There is no good answer for this. There are areas of Torah that are important: that is, "What is it all about?" What is the meaning of it all?
Some people think that because someone was in fact a very great tzadik that therefore it is a great mitzvah to spread the word about him. But I feel it is not praiseworthy to ignore the side effects. It seems to me to display an enormous amount of irresponsibility to not care about the possible effects of such advice. Unconcern about the human consequences of a theory is not an attractive trait.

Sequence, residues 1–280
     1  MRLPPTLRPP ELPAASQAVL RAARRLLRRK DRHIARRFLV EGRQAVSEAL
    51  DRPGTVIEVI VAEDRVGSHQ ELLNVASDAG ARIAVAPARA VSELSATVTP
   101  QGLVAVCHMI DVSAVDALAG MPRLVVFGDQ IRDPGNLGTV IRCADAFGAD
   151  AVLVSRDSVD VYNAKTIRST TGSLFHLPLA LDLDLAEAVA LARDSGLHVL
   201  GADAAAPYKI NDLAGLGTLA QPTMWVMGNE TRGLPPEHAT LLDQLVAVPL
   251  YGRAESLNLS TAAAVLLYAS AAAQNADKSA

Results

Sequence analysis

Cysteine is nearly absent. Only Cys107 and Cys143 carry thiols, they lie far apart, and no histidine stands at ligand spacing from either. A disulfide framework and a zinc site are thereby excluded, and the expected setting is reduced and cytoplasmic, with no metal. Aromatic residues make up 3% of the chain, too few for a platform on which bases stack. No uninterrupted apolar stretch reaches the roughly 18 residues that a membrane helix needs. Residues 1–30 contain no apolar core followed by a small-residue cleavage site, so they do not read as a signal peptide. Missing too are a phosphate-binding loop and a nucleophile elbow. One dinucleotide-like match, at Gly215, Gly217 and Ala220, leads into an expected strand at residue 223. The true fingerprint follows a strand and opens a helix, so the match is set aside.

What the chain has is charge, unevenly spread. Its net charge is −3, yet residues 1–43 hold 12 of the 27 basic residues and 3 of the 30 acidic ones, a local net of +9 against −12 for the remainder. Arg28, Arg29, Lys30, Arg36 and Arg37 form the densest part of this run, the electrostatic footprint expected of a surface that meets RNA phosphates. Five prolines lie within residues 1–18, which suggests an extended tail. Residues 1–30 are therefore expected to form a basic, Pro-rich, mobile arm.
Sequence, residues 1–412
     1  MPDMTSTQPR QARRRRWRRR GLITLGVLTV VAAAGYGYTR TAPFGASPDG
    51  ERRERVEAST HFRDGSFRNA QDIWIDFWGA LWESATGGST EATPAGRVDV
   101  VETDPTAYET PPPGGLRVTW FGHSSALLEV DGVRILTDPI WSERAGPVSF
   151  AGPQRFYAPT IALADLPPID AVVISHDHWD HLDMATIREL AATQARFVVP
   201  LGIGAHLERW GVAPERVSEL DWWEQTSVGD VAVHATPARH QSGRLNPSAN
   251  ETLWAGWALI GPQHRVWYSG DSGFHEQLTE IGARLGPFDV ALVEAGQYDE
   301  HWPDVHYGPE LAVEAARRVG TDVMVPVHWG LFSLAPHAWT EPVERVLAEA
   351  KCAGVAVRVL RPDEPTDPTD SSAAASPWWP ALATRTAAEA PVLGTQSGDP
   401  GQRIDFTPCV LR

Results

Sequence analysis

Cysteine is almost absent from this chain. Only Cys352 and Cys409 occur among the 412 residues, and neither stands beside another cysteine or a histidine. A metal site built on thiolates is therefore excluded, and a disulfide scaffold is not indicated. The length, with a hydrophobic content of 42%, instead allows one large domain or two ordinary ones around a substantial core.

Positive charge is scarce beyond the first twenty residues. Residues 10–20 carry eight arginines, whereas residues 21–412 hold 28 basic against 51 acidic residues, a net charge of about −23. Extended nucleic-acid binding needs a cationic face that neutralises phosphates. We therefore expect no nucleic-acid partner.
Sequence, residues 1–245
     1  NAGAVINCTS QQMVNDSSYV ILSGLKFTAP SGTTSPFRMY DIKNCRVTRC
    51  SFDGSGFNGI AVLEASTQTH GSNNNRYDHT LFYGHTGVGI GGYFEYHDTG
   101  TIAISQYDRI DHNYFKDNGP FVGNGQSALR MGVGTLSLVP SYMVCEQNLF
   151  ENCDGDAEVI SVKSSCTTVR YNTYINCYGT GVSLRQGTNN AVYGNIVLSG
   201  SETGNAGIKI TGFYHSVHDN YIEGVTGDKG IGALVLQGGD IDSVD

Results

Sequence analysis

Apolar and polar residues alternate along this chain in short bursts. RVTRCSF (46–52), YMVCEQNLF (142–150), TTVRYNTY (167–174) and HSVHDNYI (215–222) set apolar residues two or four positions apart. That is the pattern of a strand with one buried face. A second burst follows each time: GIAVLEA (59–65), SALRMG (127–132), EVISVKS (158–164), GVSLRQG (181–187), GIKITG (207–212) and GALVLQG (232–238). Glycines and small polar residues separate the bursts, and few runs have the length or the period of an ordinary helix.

My own approach I should mention. I think there are two aspects of Torah that are important--the "between man and his fellow man" (בין אדם לחבירו) part, and then the "between man and God" (בין אדם למקום) part. The best example of the first that I know of is my parents. The later part is hard to say. I think there were a few tzadikim that represented different aspects of Torah best. The Gra for learning Torah and general strictness in keeping the mizvot as they were given.
. But all these aspects I think are important in order to narrow the gap between what I do and what I ought to do. That is to reach objective morality.